Do you remember that iconic tire commercial that extolled the virtues of their product - "because you've got a lot riding on your tires" - with an image of the cutest baby sitting in a tire? It was true then and it's true now - your tires are literally where the rubber meets the road. Making a good purchasing decision and maintaining your RV's tires can mean the difference between a pleasant trip and an unpleasant, unplanned stop. In this article we'll discuss the specifics of trailer tires but several points pertain to motor homes as well.
Look for special trailer tires - denoted with an ST in front of the string of numbers on the sidewall. These are designed with trailering in mind - they have stiffer sidewalls than a P (passenger) or LT (light truck) tire, are more flexible cornering and backing, and are designed for long duty cycles to name a few differentiating factors.
When choosing trailer tires you'll need to know the weight of your fully-loaded trailer. It's a great idea to actually weigh it - the manufacturer's numbers are almost always low. This information is critical in determining the load range (weight capacity of each tire) you'll need. Trailer tire load ranges are identified by a letter - usually B-D - the higher the letter the more the tire can carry. Remember that your tires work in conjunction with the axles and other suspension components - a high load range tire doesn't mean you can exceed the axle ratings, etc.
Believe it or not, trailer tires are designed to last 3-5 years or 5,000-12,000 miles and are not designed to wear out. After a mere 3 years - traveling or garaged - approximately one-third of your tire's strength is gone. Without question, it's extremely difficult to purchase new tires when yours look perfectly good but it's essential to your safety. Using sidewall data you can see how "fresh" your tires are. Look for a four digit number following the DOT serial number - typically on the back of the tire. The date code will be stamped rather than molded in an oval shape. The first two digits are the week of the year in which the tire was manufactured (01 thru 52) followed by the final two digits denoting the year it was manufactured. A tire stamped "1206" was manufactured in the 12th week of 2006.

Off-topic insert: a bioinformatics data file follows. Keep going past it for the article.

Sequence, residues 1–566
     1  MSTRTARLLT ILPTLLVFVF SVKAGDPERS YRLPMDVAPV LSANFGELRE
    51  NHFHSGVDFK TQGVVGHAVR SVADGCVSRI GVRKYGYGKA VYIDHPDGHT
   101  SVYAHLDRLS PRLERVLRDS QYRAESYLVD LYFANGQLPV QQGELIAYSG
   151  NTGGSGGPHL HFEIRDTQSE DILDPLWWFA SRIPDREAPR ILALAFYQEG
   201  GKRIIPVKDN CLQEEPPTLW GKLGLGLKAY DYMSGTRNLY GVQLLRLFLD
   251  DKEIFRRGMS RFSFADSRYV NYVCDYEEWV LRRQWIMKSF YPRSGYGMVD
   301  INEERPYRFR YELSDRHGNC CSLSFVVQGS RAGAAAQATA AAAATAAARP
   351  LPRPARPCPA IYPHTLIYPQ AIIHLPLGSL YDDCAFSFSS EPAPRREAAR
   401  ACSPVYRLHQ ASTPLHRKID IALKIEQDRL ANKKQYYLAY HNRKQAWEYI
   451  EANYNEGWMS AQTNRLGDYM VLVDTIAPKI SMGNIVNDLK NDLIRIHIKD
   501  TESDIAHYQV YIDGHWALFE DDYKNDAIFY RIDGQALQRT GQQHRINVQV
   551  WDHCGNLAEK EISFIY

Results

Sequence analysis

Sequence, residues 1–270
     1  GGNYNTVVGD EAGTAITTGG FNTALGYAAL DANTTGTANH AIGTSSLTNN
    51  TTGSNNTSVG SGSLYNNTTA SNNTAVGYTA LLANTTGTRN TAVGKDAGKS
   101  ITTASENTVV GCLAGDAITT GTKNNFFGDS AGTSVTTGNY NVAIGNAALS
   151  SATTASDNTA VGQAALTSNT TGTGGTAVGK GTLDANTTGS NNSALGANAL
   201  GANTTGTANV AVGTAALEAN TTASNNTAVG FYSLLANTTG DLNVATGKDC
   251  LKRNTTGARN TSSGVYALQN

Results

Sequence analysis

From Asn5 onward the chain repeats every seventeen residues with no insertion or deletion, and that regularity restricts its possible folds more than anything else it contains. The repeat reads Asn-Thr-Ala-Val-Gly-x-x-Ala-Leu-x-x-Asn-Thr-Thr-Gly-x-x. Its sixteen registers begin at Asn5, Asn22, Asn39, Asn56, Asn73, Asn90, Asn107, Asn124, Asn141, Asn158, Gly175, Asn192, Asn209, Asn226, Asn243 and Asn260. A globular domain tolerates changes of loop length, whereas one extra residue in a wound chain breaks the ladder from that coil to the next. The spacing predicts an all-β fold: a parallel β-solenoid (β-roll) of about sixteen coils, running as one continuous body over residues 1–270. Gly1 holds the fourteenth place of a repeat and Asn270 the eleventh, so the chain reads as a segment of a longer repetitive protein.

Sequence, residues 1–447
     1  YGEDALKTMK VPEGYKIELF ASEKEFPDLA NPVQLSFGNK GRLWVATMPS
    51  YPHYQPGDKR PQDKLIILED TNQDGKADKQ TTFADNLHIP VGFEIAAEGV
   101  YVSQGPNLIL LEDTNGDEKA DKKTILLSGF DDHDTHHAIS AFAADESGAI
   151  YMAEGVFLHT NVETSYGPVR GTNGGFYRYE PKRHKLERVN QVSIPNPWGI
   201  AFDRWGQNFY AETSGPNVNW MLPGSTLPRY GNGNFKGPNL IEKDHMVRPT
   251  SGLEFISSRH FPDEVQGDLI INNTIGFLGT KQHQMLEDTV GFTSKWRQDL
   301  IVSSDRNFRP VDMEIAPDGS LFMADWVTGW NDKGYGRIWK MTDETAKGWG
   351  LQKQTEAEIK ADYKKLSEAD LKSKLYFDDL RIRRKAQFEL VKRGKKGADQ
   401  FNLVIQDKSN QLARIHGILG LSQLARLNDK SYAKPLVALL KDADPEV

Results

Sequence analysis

The number one factor in tire failure is improper inflation. It's recommended to inflate your tires to the maximum PSI stamped on the sidewall. The trick however, is to be aware of how the elements affect tire pressure. Higher elevations increase tire pressure as does warmer temperatures. When traveling you should check your tires prior to setting out on the trip and each day before hitting the road - always when they are "cold" and that means before moving the vehicle. Take this opportunity to do a visual inspection, keeping an eye out for unusual tire wear, bulging, cracking, etc.
Another interesting and important fact is that ST tires have a maximum speed rating of 65 MPH. Drive faster than that and risk tire failure. That's because as heat builds up the tire's structure starts to disintegrate and weaken. The load carrying capacity gradually decreases as the heat and stresses generated by higher speed increases. Plan enough time to get there without a tire mishap.
Bring and use tire covers for stays longer than a weekend - UV rays accelerate tire disintegration. Use only soap and water to clean your tires. Never - and I mean never - use a product with petroleum distillates on your tires. Again, this will degrade your tires.
Before leaving on your trip check your spare (when checking your other tires) and properly inflate it. Make sure you have all the pieces of your jack system and know how to use it.
Do yourself and those you share the road with a favor - make your tires your number one priority. Be slow, be prepared, be safe. The simple fact is that each one of us does have a lot riding on our tires. See you on the road....hopefully not on the side of the road.